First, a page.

Just landed: The new Canyon Aeroad CF SLX Disc 8.0 Di2. It's the only one in the country, so here it is. A full review will follow once we have had a chance to ride the cool looking machine
Christmas appears to have come early in the Cycling Weekly office...Last week we had a first look at the new Canyon Ultimate CF SLX Disc and this week we can reveal and exclusive first look at the Canyon Aeroad CF SLX Disc, as the bike we have here is the first and only one presently in the country. We first found out about the Canyon Aeroad CF SLX Disc when Katusha’s Alexander Kristoff perhaps accidentally posted a picture of the new bike on social media.
That was a prototype, but finally, after what seems a big wait, here is the bike.
The first thing to point out that is that this is the frame the pros will ride when they use discs in 2017.
Now, one of the things I am sure you want to know is, how does the weight differ from the non-disc version? The Canyon Aeroad CF SLX Disc 8.0 Di2 we have here hits our scales at 7.76kg making it roughly 600g heavier than the equivalent non-disc version. It’s not much at all, considering the superior braking and is commendable for an aerobike.
What I do have to point out is that the equivalent non-disc Aeroad is £600 lighter on your wallet though.
The increase in system weight comes from a combination of changes, necessary for the inclusion of hydraulic discs plus thru-axels. Disc brakes create increased braking forces on the frame, so Canyon has beefed up the frame in a few key areas by adding additional carbon to the tune of about 70g. Most of this is on the non-drive side, where the flat mount calipers are situated.
Video – Bike of the year, the Canyon Ultimate CF SLX
The frame looks awesome though and the loss of the rim brake callipers has created a really tidy look. I have no doubt this bike will turn heads, but if the stealth black isn’t for you, there is also a red option.
There will be a full range of models once SRAM Red HRD and the new Dura Ace groupsets are available, but in the meantime Canyon is offering Ultegra mechanical and the Di2 you see here. As is customary with Canyon you get a full Ultegra groupset too, with no stocking filler components dropped in.
Interestingly Canyon has opted for a Continental GP4000 23mm tyre front and 25mm tyre rear. This is no accident, and is a very deliberate choice. Having spoken to some of the worlds top aerodynamicists, the consensus is that the GP4000 is the most aerodynamic commercially available tyre.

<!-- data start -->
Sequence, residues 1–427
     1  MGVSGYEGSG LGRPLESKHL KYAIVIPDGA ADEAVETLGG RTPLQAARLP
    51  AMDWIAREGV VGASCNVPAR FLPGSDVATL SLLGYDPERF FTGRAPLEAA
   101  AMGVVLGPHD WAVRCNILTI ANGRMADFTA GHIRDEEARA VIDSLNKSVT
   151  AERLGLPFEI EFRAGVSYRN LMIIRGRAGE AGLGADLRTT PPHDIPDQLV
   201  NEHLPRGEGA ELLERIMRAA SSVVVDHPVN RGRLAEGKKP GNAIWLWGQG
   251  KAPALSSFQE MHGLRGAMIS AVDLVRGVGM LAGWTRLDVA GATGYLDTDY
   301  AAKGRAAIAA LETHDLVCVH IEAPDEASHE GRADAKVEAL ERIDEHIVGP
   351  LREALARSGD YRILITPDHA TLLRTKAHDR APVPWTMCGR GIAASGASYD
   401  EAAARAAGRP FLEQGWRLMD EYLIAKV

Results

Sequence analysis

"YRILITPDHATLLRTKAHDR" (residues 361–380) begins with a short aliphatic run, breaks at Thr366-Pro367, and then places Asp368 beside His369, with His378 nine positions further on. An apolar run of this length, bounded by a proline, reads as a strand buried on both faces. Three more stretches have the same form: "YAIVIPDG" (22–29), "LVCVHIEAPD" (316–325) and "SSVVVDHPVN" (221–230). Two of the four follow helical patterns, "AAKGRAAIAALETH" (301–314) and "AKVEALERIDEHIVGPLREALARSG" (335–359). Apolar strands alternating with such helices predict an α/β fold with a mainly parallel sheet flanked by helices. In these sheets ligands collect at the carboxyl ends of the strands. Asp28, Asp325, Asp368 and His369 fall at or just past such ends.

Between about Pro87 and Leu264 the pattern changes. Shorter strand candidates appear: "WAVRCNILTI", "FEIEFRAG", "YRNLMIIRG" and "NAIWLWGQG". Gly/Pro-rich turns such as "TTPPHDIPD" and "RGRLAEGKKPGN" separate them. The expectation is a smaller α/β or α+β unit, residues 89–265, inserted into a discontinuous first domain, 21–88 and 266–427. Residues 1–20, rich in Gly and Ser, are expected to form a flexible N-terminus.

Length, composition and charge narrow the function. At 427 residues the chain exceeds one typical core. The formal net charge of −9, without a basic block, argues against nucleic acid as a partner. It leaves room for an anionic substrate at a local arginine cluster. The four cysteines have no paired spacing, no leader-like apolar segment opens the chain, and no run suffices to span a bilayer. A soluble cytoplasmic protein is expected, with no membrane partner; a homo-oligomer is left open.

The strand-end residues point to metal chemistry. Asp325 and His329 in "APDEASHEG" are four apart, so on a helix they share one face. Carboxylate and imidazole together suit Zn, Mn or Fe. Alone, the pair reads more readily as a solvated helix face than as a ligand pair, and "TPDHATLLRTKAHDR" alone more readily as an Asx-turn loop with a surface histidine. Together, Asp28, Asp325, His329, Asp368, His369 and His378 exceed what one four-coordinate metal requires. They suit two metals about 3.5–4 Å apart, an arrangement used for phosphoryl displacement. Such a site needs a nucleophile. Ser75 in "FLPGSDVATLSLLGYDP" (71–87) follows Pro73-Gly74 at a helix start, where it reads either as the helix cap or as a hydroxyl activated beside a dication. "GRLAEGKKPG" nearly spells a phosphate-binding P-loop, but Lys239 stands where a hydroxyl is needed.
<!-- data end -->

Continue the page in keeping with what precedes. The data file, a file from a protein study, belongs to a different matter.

It was not designed to be, but just happens to be a case of serendipity. Further to this, being slightly narrower is optimal over the lower rolling resistance of 25mm tyre at speeds typically over 35kph. It would appear that Canyon has done its homework, hence the 23mm front and 25mm rear.
Similar to the Ultimate Disc, the Canyon Aeroad CF SLX Disc features Shimano’s top spec BR-RS805 flat mount calipers and 160mm Ice Tech rotors front and rear for ‘optimal power and breaking modulation.’
I am glad Canyon has gone for 160mm rotors over 140mm. A bike we have previously reviewed – the Merida Scultura Disc, is equipped with 160mm rotors front and rear and the main advantage is superior heat dissipation, which is sensible when you consider mountain bikes have bigger rotors, yet the braking on road bikes is likely to be more sustained and can be at higher speeds.
Wheels are disc brake specific, 62mm deep Reynolds Strike tubeless ready carbon clinchers. They have an internal rim width of 17mm and a claimed weight of 1700g. Overall, they seem like a great pairing on paper for the Canyon Aeroad CF SLX Disc and we look forward to seeing how they roll.
The saddle is a Fizik Arione R5 and the bars are Canyon’s proprietary aero cockpit. One final detail – the bike uses 12mm thru-axels and Canyon’s new detachable levers which are said to save in the region of one watt. Every little helps!
Regardless of the savings, they look really smart. There is also a women’s specific model of the same bike you see here too.
Even with the rise in prices of imported goods from a weaker Brexit Pound, Canyon continues to off excellent value for money. As mentioned, the disc brake model is £600 more expensive than the non disc version with the same Ultegra groupset and Reynolds wheels.
Although this is top spec machine with a high price, the cost is highly competitive against the likes of Cervélo, Pinarello and BMC. If you were to buy one of their premium frames, with a comparable spec, your wallet would be considerably lighter.
For more information, head over to Canyon
The Canyon Aeroad CF SLX Disc is a stunning looking stealth bomber of a machine that will no doubt turn heads. Intelligently specced and commendably light for aero, disc equipped machine, I can't wait to see how it rides. Hopefully the slight beefing up of the frame won't have compromised it. I will be updating this page with a full review once I have ridden it, so stay tuned.